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Rays 3, Yankees 2: Karns does an Archer impression; Cabrera notches his 1,000th hit

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It's déjà vu all over again as the Rays struggle early but rally to a close win.

Jonathan Dyer-USA TODAY Sports

Wait. Pitcher can't find the zone to start the game? The "game over" posts are showing up in the GDT before the first out? I think I've seen this movie before.

Roll Call

Roll Call Info
Total comments 162
Total commenters 20
Commenter list Adam Sanford, Born, Rays & Educated, Brian Andersbot, DFAHowell, Dome Biscuit, Grimesy22, Izzy Stradlin's bad habit, JRTW612, MagicMark, Mr.Jenkins, Noles95', Rays1118, RazeTheRoof, all pRays, barnecles, lizzieray, nomo.red.evil, sirthomas813, the dobber, thedudeofdudes
Story URLs

# Recs Commenter Comment Link
5 Adam Sanford Longo and Cabrera with 1,000 career hits this year
5 Izzy Stradlin's bad habit Good for him. Wasn't sure if he would get it this year or not.
4 all pRays Drew Frowny
2 barnecles This is definitely the moment to evaluate the Price trade
2 nomo.red.evil listen
2 thedudeofdudes He just tries too hard sometimes.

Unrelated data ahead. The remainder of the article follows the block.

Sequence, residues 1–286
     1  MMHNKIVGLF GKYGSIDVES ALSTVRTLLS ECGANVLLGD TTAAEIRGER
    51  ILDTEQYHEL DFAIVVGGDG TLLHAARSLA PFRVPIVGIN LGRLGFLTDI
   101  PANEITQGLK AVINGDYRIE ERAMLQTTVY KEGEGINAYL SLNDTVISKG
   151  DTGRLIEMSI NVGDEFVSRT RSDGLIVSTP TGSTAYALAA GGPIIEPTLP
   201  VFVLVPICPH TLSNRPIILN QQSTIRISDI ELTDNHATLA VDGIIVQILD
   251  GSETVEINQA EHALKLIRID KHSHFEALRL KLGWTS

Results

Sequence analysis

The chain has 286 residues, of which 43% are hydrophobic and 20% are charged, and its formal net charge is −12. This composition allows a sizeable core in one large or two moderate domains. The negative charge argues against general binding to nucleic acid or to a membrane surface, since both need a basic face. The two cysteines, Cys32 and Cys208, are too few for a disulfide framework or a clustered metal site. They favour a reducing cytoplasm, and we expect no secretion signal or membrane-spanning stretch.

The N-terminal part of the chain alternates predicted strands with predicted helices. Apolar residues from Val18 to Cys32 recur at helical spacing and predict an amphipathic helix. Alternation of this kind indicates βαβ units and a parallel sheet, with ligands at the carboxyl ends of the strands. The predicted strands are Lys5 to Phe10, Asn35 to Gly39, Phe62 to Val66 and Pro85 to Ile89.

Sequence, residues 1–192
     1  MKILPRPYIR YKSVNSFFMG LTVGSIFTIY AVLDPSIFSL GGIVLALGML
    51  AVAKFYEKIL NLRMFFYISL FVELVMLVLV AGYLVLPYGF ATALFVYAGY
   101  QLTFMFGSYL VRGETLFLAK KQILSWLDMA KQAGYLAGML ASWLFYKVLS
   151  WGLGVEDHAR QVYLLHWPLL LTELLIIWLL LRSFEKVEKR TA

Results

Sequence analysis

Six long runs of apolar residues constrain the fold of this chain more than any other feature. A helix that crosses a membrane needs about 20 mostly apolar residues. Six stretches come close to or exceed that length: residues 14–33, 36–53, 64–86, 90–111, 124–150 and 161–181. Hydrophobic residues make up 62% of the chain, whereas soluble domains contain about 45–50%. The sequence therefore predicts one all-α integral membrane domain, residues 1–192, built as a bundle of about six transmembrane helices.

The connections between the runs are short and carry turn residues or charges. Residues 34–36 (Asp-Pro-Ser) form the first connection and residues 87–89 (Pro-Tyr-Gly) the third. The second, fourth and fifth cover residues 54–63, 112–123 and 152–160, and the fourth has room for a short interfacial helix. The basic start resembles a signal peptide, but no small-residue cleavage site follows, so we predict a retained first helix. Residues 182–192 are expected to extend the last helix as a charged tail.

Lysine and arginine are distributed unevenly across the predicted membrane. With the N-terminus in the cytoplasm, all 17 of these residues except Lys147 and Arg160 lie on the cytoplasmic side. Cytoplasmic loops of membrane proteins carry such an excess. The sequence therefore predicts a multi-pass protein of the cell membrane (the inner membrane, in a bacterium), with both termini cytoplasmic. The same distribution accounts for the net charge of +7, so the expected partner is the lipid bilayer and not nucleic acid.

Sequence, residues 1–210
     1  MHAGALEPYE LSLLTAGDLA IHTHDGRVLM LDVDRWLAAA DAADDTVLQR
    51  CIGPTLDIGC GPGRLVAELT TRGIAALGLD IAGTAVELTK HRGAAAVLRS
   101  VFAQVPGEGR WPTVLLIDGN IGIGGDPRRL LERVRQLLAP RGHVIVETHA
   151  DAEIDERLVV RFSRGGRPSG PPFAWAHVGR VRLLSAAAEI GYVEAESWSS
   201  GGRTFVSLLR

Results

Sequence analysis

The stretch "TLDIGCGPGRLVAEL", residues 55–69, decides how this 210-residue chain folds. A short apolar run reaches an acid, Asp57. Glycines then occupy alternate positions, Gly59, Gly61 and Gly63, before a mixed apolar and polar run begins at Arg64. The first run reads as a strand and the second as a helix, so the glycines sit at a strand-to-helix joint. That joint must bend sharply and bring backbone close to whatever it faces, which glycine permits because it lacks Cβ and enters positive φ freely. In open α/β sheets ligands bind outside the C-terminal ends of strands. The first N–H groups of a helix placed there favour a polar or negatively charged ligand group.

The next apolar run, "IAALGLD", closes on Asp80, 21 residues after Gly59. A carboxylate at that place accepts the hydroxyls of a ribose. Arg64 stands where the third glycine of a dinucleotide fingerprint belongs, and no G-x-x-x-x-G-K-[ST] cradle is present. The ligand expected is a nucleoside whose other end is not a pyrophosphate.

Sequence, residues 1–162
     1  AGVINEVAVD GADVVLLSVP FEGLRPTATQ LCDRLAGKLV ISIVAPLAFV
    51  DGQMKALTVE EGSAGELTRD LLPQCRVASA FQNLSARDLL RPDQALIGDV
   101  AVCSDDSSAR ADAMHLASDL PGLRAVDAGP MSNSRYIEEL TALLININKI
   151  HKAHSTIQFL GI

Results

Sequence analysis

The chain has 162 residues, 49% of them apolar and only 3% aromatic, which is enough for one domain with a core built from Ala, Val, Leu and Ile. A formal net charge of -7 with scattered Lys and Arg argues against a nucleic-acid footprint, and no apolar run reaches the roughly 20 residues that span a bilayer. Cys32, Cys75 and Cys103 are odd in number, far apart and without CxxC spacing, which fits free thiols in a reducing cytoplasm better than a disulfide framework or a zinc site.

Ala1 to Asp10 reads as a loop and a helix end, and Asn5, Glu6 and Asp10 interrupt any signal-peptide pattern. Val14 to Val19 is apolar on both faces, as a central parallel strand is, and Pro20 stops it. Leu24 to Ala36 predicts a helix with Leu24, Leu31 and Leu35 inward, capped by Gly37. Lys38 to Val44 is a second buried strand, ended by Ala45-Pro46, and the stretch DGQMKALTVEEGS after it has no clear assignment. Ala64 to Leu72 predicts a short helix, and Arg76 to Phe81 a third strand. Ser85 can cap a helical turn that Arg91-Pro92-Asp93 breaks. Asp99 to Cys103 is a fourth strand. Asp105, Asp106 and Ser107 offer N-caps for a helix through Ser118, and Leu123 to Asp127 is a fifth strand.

1 nomo.red.evil Does Cash know that Jepsen isn't contractually obligated to pitch every day?
1 Born, Rays & Educated This
1 Dome Biscuit It really makes the Price trade look pretty bad
1 nomo.red.evil At least it was an efficient walk
1 the dobber That's kind of why you keep writing as the game goes. Delete the stuff that doesn't fit. Add words to the beginning when the game is over.

A Rocky Start

Clearly things did not start out the way Nathan Karns intended: eight straight balls to put Jacoby Ellsbury and Brett Gardner aboard for Alex Rodriguez, then another ball to start A-Rod's at-bat before finally throwing the games first strike. And though he did manage to get Rodriguez to pop out to shallow center after a seven pitch at-bat, things didn't get markedly better thanks to some sloppy fielding behind him. The next batter, Mark Teixeira, laced a hard liner to right. Maybe too hard? Ellsbury froze initially before heading to third, then seemed to slow rounding third. But when Souza's throw went in to second instead of toward home (I swear, sometimes, it is like Wil Myers never left. Why do we keep this guy around?), Ellsbury picked up the pace and scampered home. The relay home was closer than it should have been, which makes Souza's brainfart all the more infuriating. One hitter later, Brian McCann would single, scoring Gardner, and it was 2-0, Evil Empire.

Counterpunch

This is why we keep Souza around:

The embeddable version is not available yet, but go watch that video. And it was nice to get one of those runs back before the first inning was over. What was even nicer is they would not have to wait long for the rest.

Rays Take the Lead

Logan Forsythe led off the Rays' half of the second with a line drive double to left-center. One fly out by David DeJesus later brought everyone's favorite villain to the plate. Up to this point in his career, Asdrubal Cabrera had 999 hits. After this at-bat, he joined Longo in helping the Rays raise another banner.